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Gardening Tips For August

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August is invariably the hottest month of the year, and with the warmth comes a variety of jobs for the vegetable garden. Here are some quick gardening tips for August that will keep you moving forward and maximizing your time in the garden during these hot days of summer.

Thriving vegetable garden ready to harvest

So far during the growing year, the majority of your time has been spent tending the ground, the seeds, the seedlings and the plants, pampering them so that they will reward you with plenty of home grown veggies.

This month you will notice a distinct switch in the type of work your garden will demand from you. Your  August days will be spent picking, cooking and freezing the abundant gifts from the garden.

Gardening Tips For August

Watering the garden

Garden watering is probably the first warm weather job that comes to mind, as without water your crops will quickly fail. However, watering is only going to be necessary in exceptionally hot and dry  weather. Your vegetables are ripening now and don’t need as much water as they did in the earlier months while the fruits were growing.

If you do get an exceptionally dry summer, water by really soaking the ground for about 20 minutes, and do this every 3 or 4 days as a light spray will only touch the top of the soil and will quickly dry up.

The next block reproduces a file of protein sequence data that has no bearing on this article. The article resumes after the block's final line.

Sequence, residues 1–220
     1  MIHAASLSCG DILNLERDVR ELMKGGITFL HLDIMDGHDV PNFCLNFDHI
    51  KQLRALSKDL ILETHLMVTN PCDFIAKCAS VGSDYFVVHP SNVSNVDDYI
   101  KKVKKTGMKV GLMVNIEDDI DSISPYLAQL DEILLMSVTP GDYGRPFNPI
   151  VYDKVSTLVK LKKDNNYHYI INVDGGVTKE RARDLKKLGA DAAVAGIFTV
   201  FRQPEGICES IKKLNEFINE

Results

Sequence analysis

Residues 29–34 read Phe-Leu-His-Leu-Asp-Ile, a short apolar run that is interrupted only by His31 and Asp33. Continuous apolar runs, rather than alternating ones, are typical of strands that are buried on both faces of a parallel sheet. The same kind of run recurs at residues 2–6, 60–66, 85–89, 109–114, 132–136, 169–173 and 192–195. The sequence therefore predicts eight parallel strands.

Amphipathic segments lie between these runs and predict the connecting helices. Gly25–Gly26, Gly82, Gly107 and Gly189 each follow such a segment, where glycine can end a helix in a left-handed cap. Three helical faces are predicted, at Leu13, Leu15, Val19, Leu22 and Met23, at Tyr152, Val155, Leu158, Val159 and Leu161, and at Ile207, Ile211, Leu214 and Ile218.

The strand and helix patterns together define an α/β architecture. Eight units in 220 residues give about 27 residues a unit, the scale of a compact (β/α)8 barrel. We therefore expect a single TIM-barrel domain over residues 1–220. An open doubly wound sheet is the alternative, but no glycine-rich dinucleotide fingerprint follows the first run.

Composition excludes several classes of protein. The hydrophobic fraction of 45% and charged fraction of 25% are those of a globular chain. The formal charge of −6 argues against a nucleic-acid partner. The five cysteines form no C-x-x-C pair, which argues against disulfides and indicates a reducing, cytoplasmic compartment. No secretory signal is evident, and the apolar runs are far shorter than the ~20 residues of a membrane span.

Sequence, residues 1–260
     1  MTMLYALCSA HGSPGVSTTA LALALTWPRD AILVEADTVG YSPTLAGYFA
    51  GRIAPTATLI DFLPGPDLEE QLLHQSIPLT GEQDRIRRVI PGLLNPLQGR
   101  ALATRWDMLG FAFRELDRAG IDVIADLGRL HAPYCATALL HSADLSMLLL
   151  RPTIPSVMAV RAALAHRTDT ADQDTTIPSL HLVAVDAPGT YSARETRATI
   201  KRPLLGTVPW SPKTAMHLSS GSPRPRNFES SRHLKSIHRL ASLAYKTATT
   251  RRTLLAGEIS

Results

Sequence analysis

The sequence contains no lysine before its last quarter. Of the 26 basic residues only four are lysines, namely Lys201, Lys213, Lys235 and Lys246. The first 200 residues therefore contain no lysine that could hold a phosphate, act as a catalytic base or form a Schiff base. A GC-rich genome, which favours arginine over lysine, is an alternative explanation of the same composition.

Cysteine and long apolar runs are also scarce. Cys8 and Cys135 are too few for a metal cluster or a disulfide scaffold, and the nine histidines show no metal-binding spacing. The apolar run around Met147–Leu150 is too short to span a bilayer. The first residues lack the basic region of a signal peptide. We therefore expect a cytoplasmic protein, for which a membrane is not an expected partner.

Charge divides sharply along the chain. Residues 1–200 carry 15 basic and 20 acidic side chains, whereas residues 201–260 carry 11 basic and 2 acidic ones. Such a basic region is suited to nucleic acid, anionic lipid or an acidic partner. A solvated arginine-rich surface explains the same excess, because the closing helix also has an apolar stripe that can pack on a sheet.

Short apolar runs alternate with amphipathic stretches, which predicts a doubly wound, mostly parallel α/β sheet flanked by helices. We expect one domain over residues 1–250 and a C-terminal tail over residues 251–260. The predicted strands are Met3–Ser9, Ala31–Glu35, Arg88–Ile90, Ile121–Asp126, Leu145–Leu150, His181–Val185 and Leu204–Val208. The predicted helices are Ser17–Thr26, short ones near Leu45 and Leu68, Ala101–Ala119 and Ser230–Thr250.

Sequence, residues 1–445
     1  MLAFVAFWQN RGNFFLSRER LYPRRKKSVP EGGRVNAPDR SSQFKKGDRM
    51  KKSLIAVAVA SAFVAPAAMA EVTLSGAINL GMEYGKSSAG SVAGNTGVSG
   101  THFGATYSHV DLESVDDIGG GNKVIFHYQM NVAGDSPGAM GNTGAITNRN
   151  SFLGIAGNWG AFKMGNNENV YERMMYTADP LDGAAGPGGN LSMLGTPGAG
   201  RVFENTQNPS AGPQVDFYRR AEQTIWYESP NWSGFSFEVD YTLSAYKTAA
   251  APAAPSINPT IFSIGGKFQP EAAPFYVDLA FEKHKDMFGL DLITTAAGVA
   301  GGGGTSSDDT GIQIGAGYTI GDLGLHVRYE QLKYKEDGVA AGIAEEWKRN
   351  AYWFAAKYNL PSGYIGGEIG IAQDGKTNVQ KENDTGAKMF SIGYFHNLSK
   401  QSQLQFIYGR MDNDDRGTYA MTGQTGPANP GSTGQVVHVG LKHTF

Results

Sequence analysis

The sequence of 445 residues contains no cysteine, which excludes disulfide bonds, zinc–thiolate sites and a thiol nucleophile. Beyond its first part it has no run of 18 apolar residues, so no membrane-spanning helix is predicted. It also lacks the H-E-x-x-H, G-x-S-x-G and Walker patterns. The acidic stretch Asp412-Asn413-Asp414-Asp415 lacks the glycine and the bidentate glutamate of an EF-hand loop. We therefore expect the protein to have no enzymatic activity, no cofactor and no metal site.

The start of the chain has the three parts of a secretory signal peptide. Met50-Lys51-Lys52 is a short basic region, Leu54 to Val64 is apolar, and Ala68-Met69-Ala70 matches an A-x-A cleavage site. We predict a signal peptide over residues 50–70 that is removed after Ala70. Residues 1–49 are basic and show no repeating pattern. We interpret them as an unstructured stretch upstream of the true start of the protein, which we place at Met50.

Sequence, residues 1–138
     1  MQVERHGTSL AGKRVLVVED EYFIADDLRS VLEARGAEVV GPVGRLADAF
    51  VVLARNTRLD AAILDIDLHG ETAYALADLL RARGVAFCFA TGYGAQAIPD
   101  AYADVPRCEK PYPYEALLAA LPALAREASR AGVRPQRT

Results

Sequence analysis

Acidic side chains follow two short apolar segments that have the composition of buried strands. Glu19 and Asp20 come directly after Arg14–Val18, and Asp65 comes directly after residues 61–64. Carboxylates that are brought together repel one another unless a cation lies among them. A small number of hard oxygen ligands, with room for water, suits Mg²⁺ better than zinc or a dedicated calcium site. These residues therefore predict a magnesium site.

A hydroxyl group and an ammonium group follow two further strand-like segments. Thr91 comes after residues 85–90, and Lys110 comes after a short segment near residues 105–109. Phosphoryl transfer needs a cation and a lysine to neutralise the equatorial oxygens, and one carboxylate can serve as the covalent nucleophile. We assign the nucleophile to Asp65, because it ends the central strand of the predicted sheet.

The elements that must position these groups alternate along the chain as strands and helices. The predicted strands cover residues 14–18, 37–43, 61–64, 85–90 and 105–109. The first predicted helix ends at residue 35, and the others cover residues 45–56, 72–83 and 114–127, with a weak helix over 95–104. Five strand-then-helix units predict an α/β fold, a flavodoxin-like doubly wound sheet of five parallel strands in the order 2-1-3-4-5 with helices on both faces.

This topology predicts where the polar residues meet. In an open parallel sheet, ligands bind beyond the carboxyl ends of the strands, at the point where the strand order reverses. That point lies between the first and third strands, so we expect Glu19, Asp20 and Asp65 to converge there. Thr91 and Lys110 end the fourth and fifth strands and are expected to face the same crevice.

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Turning compost bin

Another warm weather vegetable garden job would be turning the compost bin. Ideally, you have 3 bins. You should add kitchen scraps, garden trimmings and other ‘waste’ to the first, turning it to the second when it has lost about 50% of its volume, and again turning that into the third when it has also lost half its volume.

Want to learn more about composting? Here’s my favorite guide.

Garden diseases and pests in August

Of course, pests come with the warm weather and butterflies will lay more eggs this month than at any other time of the year, so be vigilant when checking leaves for eggs or caterpillars. Also keep an eye on those aphids and give them a spray of soap solution if they are getting out of control.

If your broad beans get a heavy infestation of black fly, simply cut of the growing tip where they congregate, and dispose of it.

Beer traps are the best way of controlling slugs, but an effective trap can quickly turn into slug soup, so empty them often and add fresh beer.

What to fertilize in August

This month you should be feeding heavy fruiting plants. Tomatoes should be producing loads of fruit this month. Give them a bit of liquid tomato food or comfrey tea. These re good not only for tomatoes, but also for peppers, aubergines, cucumbers, marrows, zucchini (courgettes), squash and pumpkins.

What do your vegetables need in August

Tomatoes will need to be stopped now so that the fruits have time to develop and ripen, simply cut the growing tip, and keep stopping the suckers, so that all the energy they have will go into fruit.

Runner beans should also be at the top of the frames, so nip out their growing tips too.

Second early potatoes, will be ready to pick now. Choose a day to dig them up and let them dry in a cool shady place before storing them.

Pull out all but the very best potatoes and use them up first. Trying to store anything but perfect potatoes could cause you to lose an entire crop, as any rot will quickly run through your healthy potatoes.

And no matter how much care you’ve taken sorting through your potatoes, it’s definitely worth doing again a few weeks later, just in case a rotten spud got through.